Once, when Rabbi Sholom DovBer Schneersohn (who later served as the fifth Lubavitcher Rebbe in the years 1882–1920) and his brother Rabbi Zalman Aharon were children, they played at “Rebbe and Chassid.” The young Sholom DovBer was close to five years of age at the time, and his brother a year and four months older. Little Sholom DovBer refused to play the “rebbe,” asserting that “there is only one rebbe” (i.e., the real rebbe, the children’s grandfather Rabbi Menachem Mendel of Lubavitch). So Zalman Aharon acted the role of rebbe, and Shalom DovBer played the chassid.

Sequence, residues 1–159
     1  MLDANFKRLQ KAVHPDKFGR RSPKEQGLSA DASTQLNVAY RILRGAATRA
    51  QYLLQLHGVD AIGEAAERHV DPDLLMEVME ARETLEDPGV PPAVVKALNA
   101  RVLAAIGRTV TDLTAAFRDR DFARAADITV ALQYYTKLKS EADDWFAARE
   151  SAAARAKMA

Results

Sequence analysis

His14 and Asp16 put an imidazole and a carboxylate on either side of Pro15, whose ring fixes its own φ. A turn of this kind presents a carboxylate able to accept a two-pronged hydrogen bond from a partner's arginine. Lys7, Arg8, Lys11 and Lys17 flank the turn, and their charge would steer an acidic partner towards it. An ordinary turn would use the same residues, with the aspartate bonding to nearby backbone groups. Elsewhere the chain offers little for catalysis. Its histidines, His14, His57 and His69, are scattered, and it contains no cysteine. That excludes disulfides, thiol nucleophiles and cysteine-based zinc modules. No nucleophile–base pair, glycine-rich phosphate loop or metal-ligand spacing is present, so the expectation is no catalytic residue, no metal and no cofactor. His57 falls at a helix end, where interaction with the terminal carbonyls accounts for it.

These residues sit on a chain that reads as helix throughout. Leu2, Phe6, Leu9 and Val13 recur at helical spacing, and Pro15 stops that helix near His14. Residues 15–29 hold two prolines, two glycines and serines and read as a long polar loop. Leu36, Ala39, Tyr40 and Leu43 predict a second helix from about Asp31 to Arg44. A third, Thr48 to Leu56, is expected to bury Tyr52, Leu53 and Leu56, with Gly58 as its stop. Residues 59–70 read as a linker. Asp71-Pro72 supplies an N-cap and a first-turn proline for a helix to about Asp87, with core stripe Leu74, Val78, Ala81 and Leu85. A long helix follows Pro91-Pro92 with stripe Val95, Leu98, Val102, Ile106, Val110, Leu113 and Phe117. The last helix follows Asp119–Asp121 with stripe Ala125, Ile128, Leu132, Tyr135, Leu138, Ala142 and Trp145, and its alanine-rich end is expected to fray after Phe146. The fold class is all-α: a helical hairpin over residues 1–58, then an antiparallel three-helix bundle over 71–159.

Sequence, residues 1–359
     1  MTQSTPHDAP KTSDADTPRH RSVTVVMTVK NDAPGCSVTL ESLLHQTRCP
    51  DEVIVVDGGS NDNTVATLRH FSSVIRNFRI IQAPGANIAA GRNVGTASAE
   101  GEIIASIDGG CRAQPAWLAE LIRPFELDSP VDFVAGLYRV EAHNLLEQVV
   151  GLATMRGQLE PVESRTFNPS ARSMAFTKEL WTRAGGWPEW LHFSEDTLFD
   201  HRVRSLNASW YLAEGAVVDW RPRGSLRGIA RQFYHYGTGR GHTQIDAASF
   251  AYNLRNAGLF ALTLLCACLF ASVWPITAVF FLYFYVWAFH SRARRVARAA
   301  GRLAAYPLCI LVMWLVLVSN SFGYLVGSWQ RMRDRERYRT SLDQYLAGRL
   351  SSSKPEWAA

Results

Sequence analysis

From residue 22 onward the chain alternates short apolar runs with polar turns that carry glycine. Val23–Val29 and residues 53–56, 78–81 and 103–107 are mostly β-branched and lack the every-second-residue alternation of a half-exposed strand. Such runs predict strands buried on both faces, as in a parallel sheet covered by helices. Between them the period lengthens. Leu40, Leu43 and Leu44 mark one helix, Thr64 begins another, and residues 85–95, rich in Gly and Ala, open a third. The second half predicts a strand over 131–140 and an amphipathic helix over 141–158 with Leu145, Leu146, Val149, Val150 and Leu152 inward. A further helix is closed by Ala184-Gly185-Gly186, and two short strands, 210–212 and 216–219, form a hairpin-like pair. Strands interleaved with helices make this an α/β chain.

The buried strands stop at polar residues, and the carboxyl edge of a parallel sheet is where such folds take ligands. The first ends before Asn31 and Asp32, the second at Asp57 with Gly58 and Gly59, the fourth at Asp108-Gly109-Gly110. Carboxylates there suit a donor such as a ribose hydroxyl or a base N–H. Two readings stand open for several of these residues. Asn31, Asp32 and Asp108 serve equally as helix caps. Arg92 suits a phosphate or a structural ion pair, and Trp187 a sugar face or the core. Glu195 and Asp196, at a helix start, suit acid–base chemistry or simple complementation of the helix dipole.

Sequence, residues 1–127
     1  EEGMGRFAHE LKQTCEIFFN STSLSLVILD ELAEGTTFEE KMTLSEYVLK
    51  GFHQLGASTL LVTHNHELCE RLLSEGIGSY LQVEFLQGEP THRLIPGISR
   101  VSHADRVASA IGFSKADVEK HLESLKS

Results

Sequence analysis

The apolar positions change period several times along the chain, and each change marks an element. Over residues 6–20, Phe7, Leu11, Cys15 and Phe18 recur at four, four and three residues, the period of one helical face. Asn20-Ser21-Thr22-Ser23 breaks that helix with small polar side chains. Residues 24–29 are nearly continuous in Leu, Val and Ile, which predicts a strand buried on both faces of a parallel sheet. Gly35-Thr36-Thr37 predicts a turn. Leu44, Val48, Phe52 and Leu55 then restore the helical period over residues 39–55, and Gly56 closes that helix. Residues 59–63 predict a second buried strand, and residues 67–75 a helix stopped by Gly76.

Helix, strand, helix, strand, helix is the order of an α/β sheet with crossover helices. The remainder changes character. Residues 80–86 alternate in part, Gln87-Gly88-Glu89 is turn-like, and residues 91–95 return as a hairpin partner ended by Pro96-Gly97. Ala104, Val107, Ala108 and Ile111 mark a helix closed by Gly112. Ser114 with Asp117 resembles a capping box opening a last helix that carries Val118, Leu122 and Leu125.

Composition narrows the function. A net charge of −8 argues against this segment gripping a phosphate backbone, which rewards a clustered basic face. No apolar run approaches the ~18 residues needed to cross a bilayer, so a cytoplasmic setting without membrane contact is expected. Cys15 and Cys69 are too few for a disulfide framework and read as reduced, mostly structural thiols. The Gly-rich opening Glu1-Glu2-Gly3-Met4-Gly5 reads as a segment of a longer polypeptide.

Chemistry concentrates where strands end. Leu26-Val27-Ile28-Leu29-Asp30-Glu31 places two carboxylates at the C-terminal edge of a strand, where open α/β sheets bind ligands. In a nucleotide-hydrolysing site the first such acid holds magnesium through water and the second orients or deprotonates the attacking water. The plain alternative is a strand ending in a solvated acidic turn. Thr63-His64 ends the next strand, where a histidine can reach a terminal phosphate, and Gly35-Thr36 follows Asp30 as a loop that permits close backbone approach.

A chassid’s consultation with his rebbe in yechidut (private audience) usually concerns one of two things: a query of haskalah—an intellectual question or problem; or a request for guidance in avodah, the chassid’s personal service of G‑d. In the children’s game, the “chassid” entered into yechidut with a query in each of these areas.

In the haskalah portion of the audience, the exchange went as follows:

“Rebbe, what is a Jew?”

“A Jew is fire.”

“So why am I not burned when I touch you?”

“Fire does not burn fire.”

The “chassid” then complained of a deficiency in his personal avodah, and the “rebbe” advised him on how to correct it. To this the young Sholom DovBer said: “You’re not a rebbe.”

“Why not?” asked Zalman Aharon.

“A rebbe,” said the child, “would emit a sigh before replying.”